The Illinois State Fair may celebrate corn dogs, carnival rides, and country music. But how about sipping a glass of cabernet in air-conditioned comfort while listening to jazz?
Tucked between tractors, a petting zoo, and a farm-safety display in the fair's "Agri-Expo" area (once home to the "Happy Hollow") is the Illinois Wine Garden, showcasing the best wine the state has to offer. Fairgoers get a chance to not only taste and purchase award-winning wines but also to talk to the people who produce them.
"The Illinois State Fair is our biggest event," says Karen Binder, executive director of the Illinois Grape and Wine Resources Council. "We touch more people there than at any other event. It's a unique opportunity for the public to see some of these wineries that they might not know about."
For the first time, the garden will feature a "Best of Illinois Wine" booth, where the public will get the rare opportunity to sample top winners from the 2003 Illinois State Fair Wine Judging Contest for $1 a one-ounce glass (full glasses and bottles will also be available). These gold-medal wines include Alexander's Conquest, the 2003 Best of Show winner, produced by Paul Hahn from a blend of grapes grown at his ten-acre vineyard in Mackinaw. Alexander's Conquest, picked out of 222 entries from 25 Illinois wineries, sells for $28 a bottle, but Hahn limits each purchase to two bottles.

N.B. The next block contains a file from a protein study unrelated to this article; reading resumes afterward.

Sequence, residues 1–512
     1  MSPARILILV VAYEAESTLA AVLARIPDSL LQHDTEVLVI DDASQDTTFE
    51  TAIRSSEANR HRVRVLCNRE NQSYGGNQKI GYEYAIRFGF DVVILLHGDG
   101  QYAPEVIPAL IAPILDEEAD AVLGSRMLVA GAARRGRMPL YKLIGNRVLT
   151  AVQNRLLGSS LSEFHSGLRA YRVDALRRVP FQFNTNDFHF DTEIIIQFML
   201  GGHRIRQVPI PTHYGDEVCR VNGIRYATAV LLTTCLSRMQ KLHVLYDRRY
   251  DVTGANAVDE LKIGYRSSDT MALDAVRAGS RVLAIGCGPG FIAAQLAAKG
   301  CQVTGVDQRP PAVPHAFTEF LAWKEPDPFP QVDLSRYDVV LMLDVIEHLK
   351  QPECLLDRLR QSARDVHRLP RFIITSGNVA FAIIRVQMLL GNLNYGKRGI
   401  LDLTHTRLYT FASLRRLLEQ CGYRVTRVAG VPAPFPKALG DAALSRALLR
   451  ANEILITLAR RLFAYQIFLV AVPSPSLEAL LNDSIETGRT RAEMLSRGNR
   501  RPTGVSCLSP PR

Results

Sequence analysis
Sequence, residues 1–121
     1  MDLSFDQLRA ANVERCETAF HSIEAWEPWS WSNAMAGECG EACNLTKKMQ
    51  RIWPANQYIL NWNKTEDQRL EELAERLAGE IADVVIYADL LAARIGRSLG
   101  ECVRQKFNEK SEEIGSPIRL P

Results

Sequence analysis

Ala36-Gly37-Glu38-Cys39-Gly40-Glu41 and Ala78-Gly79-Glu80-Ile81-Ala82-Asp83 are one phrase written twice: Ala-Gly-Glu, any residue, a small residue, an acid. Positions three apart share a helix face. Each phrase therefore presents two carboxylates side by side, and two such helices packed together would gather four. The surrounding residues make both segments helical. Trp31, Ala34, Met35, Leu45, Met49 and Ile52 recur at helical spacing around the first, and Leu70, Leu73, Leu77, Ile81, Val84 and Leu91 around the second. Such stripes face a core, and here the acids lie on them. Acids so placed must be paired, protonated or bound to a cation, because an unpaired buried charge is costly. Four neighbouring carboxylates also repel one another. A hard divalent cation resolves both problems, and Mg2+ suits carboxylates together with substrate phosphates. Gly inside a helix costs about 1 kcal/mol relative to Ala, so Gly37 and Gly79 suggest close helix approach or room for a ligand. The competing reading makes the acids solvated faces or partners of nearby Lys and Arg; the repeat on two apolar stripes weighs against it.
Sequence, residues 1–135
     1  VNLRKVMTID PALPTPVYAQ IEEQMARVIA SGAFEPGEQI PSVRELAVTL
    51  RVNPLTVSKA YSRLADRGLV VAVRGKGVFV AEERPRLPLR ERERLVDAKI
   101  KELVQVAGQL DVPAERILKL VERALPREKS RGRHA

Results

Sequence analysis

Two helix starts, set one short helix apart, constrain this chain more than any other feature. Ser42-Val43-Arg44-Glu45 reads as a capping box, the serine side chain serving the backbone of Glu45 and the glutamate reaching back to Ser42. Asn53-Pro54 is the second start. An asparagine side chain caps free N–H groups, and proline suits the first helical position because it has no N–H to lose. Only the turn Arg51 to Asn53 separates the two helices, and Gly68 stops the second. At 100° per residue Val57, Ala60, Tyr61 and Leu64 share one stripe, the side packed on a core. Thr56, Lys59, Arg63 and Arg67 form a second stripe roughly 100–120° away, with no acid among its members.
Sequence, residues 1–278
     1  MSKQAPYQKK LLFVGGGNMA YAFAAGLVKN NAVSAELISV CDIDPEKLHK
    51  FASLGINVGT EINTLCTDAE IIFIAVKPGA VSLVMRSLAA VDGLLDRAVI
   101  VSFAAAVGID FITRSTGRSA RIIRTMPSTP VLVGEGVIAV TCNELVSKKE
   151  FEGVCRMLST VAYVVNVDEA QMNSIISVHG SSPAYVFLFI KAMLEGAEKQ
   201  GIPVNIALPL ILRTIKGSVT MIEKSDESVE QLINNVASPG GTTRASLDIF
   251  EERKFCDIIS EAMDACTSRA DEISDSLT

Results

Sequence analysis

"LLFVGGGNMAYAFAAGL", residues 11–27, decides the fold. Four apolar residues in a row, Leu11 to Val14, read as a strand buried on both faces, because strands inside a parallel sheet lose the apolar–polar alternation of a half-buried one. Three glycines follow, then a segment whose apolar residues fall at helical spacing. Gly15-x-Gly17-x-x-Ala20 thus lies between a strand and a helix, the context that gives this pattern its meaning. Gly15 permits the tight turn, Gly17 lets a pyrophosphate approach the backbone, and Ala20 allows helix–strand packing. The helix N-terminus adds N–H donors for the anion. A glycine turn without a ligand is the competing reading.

The garden, sponsored by the Illinois Department of Agriculture and the Illinois Grape and Wine Resources Council, will be open during the fair from 10 a.m. to 7 p.m. August 8 through 17 (wines won't be sold before noon). A variety of music will be performed on weekends.
Also new to the garden are an expanded exhibit on the state's grape industry and daily tutorials by oenologist Steve Menke, who will demystify wine tasting and explain how to best pair wines with food. The exhibit will feature industry statistics, photos, and some of the wine-label winners. While 14 wineries will rotate in and out of the sales booths throughout the fair, another eight are expected in the wine tent on Ag Day, August 12.
"Wine grapes are one of the newest, most exciting, and successful commodities to be planted in Illinois' soils," says Binder. "Not only are growers and diversified farmers raving about this sustainable crop, the rural and metropolitan economies alike reap its added-value benefits as well as a sizable agri-tourism impact. Consumers most directly enjoy this crop as a glass of wine. One of the best ways to tell a wine's story from grape to glass is through the Illinois Wine Garden."
So even if you're not a fan of monster trucks, decorated diaper contests, or eating assorted foods on sticks, don't stay away from the state fair. There's a glass of homegrown wine waiting for you.
Illinois' wine industry